If you want to consider a 401(k) loan, keep in mind that not all plans offer these. To see what you may be eligible for, look up your 401(k) documentation or contact a trusted financial advisor.

2. Assess your current financial situation

Once you understand if you’re eligible, assess your financial picture. How much debt do you have? Try a budget calculator to see if you’re able to allocate different funds toward what you owe.

For example, if you have $2,500 in credit card debt and a steady source of income, you may be able to pay off debt by adjusting your existing habits. Cutting the cord with your TV, cable or streaming services could be a great money saver.

However, if you’re on the verge of a financial crisis, living on a tight budget may not be enough. That’s when using your 401(k) may be an option worth considering.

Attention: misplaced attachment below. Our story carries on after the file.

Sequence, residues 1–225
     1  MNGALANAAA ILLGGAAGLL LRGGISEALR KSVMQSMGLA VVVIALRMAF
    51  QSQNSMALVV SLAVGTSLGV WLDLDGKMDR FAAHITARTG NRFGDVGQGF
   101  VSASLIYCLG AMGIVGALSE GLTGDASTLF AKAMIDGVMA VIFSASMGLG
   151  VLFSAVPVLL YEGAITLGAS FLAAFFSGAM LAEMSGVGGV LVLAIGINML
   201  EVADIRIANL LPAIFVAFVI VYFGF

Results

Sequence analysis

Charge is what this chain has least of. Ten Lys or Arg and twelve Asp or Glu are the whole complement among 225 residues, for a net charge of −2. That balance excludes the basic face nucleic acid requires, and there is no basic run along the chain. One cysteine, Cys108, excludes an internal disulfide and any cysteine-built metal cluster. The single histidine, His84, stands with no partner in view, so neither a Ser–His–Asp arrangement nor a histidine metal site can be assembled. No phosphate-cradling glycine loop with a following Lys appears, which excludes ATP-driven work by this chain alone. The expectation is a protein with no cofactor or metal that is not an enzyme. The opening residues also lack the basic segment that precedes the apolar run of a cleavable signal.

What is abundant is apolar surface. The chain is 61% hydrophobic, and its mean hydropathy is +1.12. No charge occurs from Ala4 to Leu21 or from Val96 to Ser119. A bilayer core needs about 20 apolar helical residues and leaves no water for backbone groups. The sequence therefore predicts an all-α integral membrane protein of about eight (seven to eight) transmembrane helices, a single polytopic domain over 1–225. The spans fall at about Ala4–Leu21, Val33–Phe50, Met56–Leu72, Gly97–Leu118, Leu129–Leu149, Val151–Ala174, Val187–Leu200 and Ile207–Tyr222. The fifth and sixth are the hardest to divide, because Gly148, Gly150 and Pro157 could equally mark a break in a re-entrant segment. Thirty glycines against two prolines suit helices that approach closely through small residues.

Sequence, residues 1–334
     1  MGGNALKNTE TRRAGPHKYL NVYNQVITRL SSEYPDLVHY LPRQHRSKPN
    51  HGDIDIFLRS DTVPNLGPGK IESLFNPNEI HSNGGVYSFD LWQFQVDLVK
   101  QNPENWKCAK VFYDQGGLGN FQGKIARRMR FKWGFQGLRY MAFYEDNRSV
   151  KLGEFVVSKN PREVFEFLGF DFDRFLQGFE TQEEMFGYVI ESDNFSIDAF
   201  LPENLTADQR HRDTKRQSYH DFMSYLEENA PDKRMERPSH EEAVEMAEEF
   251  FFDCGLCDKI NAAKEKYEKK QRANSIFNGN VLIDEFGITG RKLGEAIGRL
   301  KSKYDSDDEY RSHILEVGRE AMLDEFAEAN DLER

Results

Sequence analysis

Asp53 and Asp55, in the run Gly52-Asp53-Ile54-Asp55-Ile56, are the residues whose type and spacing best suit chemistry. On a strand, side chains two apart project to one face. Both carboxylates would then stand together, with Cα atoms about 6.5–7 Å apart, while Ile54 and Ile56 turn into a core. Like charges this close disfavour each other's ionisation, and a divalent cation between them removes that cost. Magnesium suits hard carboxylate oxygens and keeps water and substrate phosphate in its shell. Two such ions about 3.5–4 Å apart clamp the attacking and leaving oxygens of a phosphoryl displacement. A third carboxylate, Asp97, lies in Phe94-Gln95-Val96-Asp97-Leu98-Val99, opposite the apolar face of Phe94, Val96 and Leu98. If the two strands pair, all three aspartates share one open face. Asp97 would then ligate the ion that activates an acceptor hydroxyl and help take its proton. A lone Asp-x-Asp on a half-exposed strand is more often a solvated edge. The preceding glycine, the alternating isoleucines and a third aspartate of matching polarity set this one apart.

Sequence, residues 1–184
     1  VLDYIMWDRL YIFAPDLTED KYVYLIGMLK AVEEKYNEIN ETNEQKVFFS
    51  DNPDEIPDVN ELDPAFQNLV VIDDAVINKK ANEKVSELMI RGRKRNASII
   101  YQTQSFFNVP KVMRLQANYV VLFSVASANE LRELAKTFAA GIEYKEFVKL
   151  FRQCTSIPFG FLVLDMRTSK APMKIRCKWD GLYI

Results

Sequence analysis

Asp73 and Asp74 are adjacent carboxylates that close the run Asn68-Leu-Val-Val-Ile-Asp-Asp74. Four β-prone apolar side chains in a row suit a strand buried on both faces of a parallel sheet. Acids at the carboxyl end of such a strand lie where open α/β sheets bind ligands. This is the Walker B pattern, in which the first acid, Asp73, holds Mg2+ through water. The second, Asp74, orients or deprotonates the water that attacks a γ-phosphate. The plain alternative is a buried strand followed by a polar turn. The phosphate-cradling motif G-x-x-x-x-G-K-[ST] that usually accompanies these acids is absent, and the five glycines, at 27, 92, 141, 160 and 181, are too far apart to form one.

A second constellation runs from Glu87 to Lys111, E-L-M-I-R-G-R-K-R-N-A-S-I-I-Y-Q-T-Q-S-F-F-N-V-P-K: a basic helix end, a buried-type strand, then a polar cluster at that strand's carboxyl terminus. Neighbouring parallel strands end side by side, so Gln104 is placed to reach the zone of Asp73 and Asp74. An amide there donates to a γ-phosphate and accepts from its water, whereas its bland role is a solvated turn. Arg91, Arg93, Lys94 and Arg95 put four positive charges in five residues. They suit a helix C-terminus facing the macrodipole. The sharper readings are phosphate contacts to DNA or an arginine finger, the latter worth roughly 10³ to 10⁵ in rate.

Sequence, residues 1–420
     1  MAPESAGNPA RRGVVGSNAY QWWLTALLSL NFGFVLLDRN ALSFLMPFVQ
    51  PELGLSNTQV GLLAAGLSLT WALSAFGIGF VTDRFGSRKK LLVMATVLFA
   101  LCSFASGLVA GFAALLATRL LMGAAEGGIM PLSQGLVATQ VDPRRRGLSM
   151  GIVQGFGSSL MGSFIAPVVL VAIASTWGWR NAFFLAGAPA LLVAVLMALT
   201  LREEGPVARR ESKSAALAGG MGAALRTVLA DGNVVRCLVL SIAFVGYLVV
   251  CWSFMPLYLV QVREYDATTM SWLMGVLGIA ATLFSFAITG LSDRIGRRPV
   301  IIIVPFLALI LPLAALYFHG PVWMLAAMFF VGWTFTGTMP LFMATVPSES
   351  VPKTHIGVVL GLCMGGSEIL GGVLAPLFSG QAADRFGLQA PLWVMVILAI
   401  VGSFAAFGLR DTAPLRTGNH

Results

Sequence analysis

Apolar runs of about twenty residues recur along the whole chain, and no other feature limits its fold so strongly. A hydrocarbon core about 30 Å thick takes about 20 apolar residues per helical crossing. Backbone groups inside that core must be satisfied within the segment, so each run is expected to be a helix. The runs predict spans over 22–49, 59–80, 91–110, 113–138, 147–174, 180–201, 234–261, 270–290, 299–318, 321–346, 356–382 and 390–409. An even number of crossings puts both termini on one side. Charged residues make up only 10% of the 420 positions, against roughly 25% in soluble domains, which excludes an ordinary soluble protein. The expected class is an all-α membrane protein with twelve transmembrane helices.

3. Calculate how much of your retirement may be at risk

Setting up a retirement plan is intended to benefit your financial future, and the government tries to reinforce that for your best interest. When you withdraw your earnings early, you may have to pay taxes and penalties on the amount you withdraw. Your tax rates will depend on federal income and state taxes where you reside.

For example, say you’re in your mid-20s and you have 40 years until you’d like to retire. You decide to take out $10,000 to put toward your student loans. Assuming the 20% automatic federal withholding and a state tax of 4%, with a 10% penalty fee,  you would receive $6,600 of your $10,000 withdrawal. The additional $3,400 expense would be withheld.    

 You’ll also have less money left over for potential investment gains in the future.

The bottom line: No matter how much you withdraw early from your 401(k), you will face significant fees. These fees may include federal taxes, state taxes and penalty fees.

What are the pros and cons of using your 401(k) to pay off debt?

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Before withdrawing money from your 401(k), there are some pros and cons to consider.